I was faced with a more significant change last week, as I was invited to participate in a panel for a webinar. So far, so good. But then I discovered this would be done with the panel in person in an auditorium in Canary Wharf.
My initial reaction was to want to change my mind. While webinars and presentations always create some degree of anxiety for me, this felt different. I couldn’t quite visualise the idea of travelling from home into Canary Wharf, checking in at an office reception and meeting a larger group of people, including some I would be meeting for the first time.
Then came the realisation - I've put on so much weight in the last year that I no longer fit into any of my smart clothes!
An event like this was normal and routine for me 18 months ago, yet suddenly it felt alien and difficult.
On the morning of the event, sitting on the train into London Kings Cross, I began to feel even more uncomfortable. It may sound strange, but I had the strongest urge to turn back for home. But, I arrived early and settled into a nearby coffee shop, gathering my thoughts and ideas over a welcome flat white.
I arrived at the office ahead of the event, checked in, and was introduced to the panel and organisers. Some I already knew but hadn’t seen in person for such a long time, and others were new introductions.
I immediately felt at ease. I was reminded of the simple pleasure of being in a group conversation, with the natural flow of conversation from one-to-one chat blending into a wider conversation within the group. I’ve found online interaction to be good for me, but the technology isn’t there to facilitate this type of conversation.
Onto the panel itself and, despite it feeling strange to be talking to an empty auditorium, it was lovely to be speaking with the moderator and my fellow panellists in the same room. Again, online panel discussions have been similar, but there was an extra something about being in a room together, which had faded from memory over the last year and a half.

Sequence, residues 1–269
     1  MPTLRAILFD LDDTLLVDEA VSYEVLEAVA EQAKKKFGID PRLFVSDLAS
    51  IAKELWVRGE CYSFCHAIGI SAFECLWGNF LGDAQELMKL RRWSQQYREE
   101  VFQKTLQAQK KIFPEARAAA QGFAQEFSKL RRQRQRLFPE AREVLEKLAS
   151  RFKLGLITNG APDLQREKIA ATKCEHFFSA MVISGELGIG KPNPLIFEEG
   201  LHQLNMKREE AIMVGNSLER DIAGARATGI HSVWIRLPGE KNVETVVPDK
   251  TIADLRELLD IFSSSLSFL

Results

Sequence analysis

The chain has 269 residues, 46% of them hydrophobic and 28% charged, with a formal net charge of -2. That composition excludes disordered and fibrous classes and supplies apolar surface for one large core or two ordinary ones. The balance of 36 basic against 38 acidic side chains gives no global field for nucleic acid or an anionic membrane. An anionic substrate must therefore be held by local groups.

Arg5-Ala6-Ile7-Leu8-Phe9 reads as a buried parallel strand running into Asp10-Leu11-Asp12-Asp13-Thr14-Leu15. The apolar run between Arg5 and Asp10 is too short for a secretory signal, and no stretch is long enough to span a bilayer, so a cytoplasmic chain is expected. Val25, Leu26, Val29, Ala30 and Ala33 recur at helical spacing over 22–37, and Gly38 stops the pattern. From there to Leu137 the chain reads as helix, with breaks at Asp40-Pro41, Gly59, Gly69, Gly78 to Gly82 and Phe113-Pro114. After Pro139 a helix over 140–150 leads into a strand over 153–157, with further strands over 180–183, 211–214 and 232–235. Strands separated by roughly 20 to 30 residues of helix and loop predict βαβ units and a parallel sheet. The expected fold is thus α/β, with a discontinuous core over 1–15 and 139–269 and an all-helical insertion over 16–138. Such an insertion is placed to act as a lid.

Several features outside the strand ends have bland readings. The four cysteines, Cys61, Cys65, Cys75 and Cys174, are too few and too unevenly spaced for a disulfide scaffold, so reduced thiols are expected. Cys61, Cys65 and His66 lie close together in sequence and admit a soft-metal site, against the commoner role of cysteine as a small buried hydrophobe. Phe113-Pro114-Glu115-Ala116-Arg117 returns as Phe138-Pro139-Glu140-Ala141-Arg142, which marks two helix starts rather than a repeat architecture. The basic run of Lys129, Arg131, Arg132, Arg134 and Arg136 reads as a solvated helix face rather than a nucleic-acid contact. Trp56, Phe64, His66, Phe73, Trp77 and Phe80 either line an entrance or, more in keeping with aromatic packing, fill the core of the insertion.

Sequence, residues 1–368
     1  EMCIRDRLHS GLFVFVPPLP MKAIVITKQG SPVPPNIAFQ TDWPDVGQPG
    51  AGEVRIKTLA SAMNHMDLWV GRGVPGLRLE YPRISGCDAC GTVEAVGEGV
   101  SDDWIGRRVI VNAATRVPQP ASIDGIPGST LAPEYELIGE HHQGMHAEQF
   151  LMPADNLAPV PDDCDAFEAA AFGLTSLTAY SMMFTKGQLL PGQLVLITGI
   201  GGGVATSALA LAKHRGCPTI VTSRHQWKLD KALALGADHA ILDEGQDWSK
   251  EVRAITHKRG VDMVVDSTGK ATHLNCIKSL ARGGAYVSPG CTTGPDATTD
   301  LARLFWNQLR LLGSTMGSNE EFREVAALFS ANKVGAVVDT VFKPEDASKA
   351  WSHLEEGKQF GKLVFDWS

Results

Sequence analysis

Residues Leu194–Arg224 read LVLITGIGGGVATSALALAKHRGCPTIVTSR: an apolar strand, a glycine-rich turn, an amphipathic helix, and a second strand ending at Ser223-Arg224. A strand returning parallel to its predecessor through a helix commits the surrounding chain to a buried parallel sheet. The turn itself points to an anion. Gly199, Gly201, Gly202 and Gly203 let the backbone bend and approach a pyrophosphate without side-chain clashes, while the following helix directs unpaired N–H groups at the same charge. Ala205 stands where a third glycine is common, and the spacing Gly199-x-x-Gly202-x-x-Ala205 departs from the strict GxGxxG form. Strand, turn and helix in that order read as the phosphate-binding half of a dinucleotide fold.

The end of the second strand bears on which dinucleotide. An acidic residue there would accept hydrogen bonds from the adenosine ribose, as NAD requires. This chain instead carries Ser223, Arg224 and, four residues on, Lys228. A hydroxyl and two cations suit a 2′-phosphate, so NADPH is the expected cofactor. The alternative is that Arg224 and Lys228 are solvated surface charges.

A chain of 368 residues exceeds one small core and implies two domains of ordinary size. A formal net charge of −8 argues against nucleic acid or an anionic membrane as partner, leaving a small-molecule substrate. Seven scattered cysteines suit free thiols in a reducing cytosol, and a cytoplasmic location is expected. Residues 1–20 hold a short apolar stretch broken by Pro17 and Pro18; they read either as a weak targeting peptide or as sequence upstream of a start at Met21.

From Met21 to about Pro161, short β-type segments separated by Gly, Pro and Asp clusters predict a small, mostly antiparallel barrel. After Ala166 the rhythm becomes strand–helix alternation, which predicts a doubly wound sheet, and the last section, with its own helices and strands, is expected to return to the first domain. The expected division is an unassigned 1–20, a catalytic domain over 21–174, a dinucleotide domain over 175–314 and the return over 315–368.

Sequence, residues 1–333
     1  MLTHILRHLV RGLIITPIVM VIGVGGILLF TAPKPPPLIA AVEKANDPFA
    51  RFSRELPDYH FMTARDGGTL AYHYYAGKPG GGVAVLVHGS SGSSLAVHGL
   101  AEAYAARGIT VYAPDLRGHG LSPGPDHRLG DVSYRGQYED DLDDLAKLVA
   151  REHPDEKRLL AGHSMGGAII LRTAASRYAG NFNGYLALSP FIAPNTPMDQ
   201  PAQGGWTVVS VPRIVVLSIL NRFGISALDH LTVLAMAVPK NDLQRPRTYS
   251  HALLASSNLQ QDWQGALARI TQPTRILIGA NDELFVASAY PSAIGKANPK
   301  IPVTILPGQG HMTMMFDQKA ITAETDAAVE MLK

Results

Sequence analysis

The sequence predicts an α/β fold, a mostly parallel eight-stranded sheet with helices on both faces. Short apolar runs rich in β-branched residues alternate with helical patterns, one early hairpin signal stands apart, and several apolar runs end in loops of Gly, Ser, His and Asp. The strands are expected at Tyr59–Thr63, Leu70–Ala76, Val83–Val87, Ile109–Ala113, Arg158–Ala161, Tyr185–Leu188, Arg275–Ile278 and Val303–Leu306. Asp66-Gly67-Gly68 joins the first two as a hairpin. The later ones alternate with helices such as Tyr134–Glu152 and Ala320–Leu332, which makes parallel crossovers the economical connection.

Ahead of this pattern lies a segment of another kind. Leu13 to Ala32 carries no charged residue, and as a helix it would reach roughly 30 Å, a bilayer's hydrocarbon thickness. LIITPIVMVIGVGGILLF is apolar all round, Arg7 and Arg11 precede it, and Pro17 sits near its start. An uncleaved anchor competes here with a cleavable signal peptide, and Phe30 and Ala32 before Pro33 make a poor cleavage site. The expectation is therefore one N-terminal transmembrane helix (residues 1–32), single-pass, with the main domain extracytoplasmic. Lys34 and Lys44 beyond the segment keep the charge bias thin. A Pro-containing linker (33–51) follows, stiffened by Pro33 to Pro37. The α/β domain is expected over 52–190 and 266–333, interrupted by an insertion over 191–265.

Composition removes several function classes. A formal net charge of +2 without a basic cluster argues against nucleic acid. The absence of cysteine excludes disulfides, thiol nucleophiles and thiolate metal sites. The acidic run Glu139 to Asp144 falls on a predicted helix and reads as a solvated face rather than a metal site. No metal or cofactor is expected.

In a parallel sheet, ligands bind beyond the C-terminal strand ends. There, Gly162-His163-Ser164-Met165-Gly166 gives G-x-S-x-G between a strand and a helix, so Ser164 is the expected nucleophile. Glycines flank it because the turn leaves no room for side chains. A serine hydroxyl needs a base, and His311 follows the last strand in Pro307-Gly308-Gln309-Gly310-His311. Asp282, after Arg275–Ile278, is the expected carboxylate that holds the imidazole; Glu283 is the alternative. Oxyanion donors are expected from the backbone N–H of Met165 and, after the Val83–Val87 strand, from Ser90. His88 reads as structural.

On the journey home, I was exhausted, but I felt a sense of achievement. I enjoyed the panel discussion, meeting everyone and sharing a lunch afterwards.
What happens next?
I still feel uncertain about the future, grappling with what normal is for me and what I want. I still want to spend more of my time working remotely and being at home and in my local area. But I’ve learned it’s not all black and white, all or nothing.
Breaking out of my comfort zone has reminded me that I like being in a different place and meeting people in person, and I will do more of this. I’ll continue experimenting and seeing what’s working for me.
Each of us is emerging from this pandemic changed somehow, perhaps with different views on what is important in life or how we want to live and work going forward.
We must look to our needs as we chart our course back to normal. Not to feel pressured to do things because other people are doing it or think we should.
The poem sums this up aptly:
“Let everyone navigate their route with respect, empathy and responsibility”
We need to be mindful of how others may be feeling, experiencing and what they may want and to be not judgemental about this.
The world has changed; we have changed, and we now need to work out what this means together.
How do you feel about this?